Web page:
Page:Instead of a Book, Tucker.djvu/474

This page has been proofread, but needs to be validated.
458
INSTEAD OF A BOOK.

gling for unequal liberty; why then sympathize with them? True enough; and their claim to sympathy is greatly lessened by their abominable authoritarianism. If it will comfort Mr. Bilgram, I take pleasure in assuring him that, if the time ever comes when these trade-union employees are thoroughly on top with their hands fastened upon their employers' throats, and when in consequence the employees begin to wax fat and the employers to grow wan and thin, much of my sympathy will be transferred from the employees to the employers. When both parties to a fight are wrong, whatever sympathy is felt goes naturally to the one that suffers most. Apart from this friendly feeling for the under dog, however, there is an- other consideration which mitigates the offence of the labor authoritarians as compared with that of the capitalist authoritarians. The latter, for the most part in knavery, set up authority as a weapon of aggression; the former, for the most part in ignorance and following the latter's example, resort to authority originally as a weapon of defence. The difference is considerable.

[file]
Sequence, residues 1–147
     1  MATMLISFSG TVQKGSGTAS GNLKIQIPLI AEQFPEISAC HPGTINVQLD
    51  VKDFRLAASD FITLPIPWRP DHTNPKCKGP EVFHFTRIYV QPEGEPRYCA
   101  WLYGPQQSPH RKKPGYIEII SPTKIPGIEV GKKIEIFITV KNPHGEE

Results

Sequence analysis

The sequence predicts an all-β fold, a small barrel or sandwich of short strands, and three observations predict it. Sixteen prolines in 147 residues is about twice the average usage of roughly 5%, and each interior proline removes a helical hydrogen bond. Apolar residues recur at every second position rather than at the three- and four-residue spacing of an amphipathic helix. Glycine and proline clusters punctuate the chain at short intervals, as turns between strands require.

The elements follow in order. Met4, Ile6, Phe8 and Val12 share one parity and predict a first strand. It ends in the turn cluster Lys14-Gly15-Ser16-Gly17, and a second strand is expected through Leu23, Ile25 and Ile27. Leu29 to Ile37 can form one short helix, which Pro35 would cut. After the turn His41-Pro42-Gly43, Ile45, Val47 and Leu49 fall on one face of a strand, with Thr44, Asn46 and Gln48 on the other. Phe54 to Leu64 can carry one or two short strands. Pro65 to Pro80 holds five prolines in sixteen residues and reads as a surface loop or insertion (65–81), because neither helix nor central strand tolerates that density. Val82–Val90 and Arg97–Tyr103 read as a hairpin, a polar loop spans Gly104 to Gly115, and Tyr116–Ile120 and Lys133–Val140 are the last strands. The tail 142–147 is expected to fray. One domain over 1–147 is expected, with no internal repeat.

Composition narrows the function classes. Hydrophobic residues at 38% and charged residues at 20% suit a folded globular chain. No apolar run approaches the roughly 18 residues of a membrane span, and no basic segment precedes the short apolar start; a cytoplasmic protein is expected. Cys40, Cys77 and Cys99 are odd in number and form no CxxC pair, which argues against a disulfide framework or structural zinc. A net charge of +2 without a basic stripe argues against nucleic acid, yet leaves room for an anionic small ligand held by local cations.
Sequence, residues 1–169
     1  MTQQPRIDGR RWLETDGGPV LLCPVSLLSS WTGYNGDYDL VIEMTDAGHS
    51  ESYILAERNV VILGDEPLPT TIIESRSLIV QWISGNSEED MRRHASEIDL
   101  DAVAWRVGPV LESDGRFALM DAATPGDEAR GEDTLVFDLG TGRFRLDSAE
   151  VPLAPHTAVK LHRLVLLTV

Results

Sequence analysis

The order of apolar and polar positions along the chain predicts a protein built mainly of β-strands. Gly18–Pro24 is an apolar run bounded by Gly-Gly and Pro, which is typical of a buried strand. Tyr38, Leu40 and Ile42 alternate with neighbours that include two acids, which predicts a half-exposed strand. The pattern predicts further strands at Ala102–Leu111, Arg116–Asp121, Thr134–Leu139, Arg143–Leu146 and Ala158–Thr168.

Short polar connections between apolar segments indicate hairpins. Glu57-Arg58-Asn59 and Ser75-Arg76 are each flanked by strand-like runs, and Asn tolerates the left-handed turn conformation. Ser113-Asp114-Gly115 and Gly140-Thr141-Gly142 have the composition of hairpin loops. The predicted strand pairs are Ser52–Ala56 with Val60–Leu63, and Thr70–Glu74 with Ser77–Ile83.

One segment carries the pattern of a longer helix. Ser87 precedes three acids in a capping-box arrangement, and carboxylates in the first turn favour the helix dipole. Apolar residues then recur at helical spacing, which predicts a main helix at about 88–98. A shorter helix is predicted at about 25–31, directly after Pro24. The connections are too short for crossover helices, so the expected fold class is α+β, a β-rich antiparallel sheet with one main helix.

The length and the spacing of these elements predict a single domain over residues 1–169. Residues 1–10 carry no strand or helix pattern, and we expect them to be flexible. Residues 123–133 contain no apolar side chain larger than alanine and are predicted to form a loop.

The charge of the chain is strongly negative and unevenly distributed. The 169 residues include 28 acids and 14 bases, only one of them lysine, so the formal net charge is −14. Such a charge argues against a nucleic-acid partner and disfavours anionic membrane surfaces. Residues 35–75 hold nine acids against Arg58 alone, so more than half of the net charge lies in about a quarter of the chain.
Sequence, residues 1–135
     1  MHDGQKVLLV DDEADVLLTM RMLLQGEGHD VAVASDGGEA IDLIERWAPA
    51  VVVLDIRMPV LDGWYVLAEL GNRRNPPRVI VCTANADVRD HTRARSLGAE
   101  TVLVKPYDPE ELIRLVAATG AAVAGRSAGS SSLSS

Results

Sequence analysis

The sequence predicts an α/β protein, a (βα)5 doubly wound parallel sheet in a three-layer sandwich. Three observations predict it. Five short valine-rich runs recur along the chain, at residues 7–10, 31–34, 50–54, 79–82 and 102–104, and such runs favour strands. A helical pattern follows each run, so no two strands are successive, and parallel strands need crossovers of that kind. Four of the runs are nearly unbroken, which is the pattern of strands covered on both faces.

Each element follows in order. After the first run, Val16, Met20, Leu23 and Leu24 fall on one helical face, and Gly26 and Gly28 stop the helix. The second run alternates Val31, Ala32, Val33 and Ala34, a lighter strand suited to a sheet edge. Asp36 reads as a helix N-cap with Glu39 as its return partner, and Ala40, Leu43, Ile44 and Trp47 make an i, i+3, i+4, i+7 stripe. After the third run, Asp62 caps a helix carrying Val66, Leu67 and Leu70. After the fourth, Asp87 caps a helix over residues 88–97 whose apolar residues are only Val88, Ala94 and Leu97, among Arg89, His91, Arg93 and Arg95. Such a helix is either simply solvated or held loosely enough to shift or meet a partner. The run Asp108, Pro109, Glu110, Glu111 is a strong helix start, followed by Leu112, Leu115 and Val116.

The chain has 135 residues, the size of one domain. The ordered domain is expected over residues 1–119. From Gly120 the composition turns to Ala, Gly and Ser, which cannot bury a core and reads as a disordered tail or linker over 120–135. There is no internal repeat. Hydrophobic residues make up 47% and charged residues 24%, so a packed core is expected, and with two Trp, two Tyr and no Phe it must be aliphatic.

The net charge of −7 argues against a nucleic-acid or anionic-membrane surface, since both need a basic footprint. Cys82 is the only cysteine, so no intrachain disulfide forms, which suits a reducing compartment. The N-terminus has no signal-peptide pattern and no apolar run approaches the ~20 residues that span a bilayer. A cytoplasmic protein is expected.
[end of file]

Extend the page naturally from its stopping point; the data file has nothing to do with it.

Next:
Mr. Bilgram and I agree almost to a dot as to what constitutes the true solution of the difficulties at Homestead and of nearly all other labor difficulties whatsoever. I agree with him too that, if the workmen knew the remedy, they could apply it very quickly and effectively. But I do not think that the ignorance of the workmen implies a similar and equal ignorance on the part of the employers. For one thing, the employers, as a rule, are men of superior education and intellect. And for another thing, the creators of a scheme of aggression are much less likely to be innocent of evil intent than the victims. To be sure, there are many exceptions, and I have said nothing to the contrary. I am just as certain, for instance, that the employer, Hugo Bilgram, is not a knave as I am that Dana and Frick are knaves. If there were no such exceptions, then, as Mr. Bilgram says, the situation would be hopeless. It is on these exceptions that my hope rests. All the employers are not knaves, and all the workmen are not such fools that they cannot acquire wisdom; and because of these two facts I see Light and-Liberty ahead.